Some people eat, sleep and chew gum, I do genealogy and write...

Friday, July 10, 2015

The Endless Record Stream

Palm House, Royal Botanic Garden Edinburgh (Robert Matheson, 1856–8), seen from the south-south-westBy Ham (Own work) [CC BY-SA 3.0 (], via Wikimedia Commons
I have been reading about doing genealogical research in England and the United Kingdom lately. From looking at a number of books, it is apparent that the most common method of approaching the subject of genealogy is to begin to list all the places where various types of records can be found. A good example of this type of writing is the following book:

Herber, Mark D. Ancestral Trails: The Complete Guide to British Genealogy and Family History. Baltimore, Md: Genealogical Pub. Co., Inc, 1998.

This particular book has 674 pages and almost 100 illustrations. The book is densely crammed with references to various types of records that can be used to trace your British ancestors. As I read this, or any other similar book, my mind is flooded with ideas about where to look for additional information about my own ancestors. While I was out camping in the wilds of Wyoming, Montana and Alberta, I was reading the following book:

Rogers, Colin, and Colin Rogers. Tracing Your English Ancestors: A Manual for Analysing and Solving Genealogical Problems, 1538 to the Present. Manchester, UK: Manchester University Press, 1989.

I have mentioned this book previously. It is a much shorter work than the Ancestral Trails volume with only 182 pages, but it is also densely packed with references to potential genealogical resources. Both books could be considered to be "out-dated" by a casual researcher, especially one who was overly focused on online resources. Interestingly, in reading the Tracing Your English Ancestors book, I found only one reference to a computerized database and of course, nothing about the Internet. On the other hand, the huge list of records listed in both books pointed reinforced my perception about the need to dig in and find the more obscure or little mentioned records that seem to fill the world.

As we drove through northern Montana, I was again reminded of records. Each town, no matter how small, seemed to have a church or two, some had prominent Masonic lodges, libraries were in abundance and there were funeral homes and many other businesses. Coming back to Provo through Idaho, we passed a number of huge buildings for farm bureaus and other farm organizations. In making a quick look online for English farming organizations, I found the following website: International Federation Agricultural Journalists: Farming and Rural Organisations. How many of these organizations have records that might help you find your ancestors in England? Did you know to even ask the question?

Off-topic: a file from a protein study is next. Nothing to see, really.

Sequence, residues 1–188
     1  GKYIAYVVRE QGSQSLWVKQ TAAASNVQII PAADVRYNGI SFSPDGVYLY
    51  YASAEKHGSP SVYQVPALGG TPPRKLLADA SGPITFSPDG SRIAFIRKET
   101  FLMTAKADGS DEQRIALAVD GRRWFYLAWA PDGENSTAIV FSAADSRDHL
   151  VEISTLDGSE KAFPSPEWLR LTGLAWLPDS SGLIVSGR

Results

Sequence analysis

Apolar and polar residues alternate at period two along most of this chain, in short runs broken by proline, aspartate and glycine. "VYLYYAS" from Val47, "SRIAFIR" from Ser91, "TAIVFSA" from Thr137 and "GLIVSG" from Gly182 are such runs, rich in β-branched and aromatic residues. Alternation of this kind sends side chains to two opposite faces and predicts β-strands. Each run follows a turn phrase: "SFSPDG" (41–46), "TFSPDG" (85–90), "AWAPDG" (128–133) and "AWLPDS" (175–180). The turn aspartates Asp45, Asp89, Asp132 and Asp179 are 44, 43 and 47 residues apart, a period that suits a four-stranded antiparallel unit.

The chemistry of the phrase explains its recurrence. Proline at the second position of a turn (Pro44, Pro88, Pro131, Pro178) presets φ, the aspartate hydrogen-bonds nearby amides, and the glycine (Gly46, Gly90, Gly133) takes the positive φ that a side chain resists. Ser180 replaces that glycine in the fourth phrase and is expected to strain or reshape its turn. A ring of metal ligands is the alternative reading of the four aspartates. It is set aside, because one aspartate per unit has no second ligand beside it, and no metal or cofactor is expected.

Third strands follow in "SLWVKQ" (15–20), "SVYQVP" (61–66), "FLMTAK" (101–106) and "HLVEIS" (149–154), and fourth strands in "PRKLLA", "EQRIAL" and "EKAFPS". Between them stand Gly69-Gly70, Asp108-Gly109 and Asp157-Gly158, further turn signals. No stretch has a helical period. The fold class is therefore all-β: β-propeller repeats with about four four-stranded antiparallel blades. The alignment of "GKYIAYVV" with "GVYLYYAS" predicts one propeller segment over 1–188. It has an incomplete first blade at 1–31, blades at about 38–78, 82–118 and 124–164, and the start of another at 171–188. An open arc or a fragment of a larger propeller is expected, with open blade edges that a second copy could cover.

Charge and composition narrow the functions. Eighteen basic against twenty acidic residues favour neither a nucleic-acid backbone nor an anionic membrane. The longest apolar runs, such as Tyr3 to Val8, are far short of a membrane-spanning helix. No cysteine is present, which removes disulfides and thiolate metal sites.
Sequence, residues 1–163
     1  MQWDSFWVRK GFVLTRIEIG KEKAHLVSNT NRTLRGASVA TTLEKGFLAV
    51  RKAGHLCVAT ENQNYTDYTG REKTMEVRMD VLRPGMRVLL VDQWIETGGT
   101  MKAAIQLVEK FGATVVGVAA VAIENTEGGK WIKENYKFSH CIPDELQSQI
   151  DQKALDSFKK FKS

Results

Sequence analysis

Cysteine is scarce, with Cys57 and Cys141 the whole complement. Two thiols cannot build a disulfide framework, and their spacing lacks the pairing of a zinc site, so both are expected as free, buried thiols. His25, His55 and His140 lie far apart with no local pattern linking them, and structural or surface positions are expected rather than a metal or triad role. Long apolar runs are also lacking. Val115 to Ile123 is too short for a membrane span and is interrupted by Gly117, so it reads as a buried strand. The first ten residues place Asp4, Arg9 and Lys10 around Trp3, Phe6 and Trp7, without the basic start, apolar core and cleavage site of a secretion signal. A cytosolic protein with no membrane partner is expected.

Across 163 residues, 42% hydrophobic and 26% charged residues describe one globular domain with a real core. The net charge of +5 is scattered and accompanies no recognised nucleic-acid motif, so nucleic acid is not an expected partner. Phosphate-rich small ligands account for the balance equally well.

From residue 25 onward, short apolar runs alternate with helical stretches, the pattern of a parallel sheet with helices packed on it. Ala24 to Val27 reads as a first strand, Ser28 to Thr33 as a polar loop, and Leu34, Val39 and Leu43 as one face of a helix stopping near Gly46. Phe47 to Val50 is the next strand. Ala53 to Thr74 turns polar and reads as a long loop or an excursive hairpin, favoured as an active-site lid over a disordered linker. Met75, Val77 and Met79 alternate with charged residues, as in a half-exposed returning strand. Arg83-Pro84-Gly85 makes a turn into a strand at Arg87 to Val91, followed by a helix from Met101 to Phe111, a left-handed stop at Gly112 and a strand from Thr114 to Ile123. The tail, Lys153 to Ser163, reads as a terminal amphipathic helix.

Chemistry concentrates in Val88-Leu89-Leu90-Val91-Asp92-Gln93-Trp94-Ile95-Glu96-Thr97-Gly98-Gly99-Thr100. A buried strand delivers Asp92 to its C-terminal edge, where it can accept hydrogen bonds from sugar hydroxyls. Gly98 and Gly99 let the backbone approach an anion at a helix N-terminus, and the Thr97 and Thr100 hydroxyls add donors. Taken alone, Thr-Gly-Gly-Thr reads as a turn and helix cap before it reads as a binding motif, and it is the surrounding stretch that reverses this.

I decided to check out one of the organizations (notice the British spelling), AHDB Potatoes, a division of the Agriculture and Horticulture Development Board. This lead me to the website for the Agriculture and Horticulture Development Board. Let's just say that as I began to investigate this particular organization, I found it going back into time. Here is where this particular Board originated, quoting from the Background to AHDB:
On 28 June 2006, Jeff Rooker, Minister for Sustainable Food and Farming, together with Devolved Ministers, announced that five levy bodies (the British Potato Council, the Meat and Livestock Commission, the Milk Development Council, the Horticultural Development Council and the Home Grown Cereals Authority) should be radically restructured and replaced by one statutory levy board on 1 April 2008.
This link took me to a reference to the British Potato Council, which lead me to further organizations. All of these organizations have records. Granted, this example got me back to the 1940s but the web of government and private organizations began to appear endless. One link took me to the Royal Botanic Garden in Edinburgh that was founded in 1670.

Perhaps you get my point by now. The stream of records is, for all practical purposes, endless. If you are just starting out with your family history, references to potato boards and other organizations may seem excessive, but it is nature of all these types of organizations to keep records and genealogists thrive on records.  

No comments:

Post a Comment